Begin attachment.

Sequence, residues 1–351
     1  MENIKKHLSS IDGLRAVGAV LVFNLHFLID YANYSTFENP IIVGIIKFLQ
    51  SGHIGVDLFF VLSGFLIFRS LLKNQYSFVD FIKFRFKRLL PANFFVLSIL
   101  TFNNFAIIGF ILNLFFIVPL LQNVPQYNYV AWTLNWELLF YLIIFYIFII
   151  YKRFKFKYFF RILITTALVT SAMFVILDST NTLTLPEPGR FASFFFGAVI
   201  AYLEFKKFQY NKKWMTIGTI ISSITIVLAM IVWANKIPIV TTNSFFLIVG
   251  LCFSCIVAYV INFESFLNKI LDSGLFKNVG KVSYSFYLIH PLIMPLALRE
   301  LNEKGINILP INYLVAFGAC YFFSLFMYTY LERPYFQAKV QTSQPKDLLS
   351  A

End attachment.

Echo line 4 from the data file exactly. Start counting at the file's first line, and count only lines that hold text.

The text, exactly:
   101  TFNNFAIIGF ILNLFFIVPL LQNVPQYNYV AWTLNWELLF YLIIFYIFII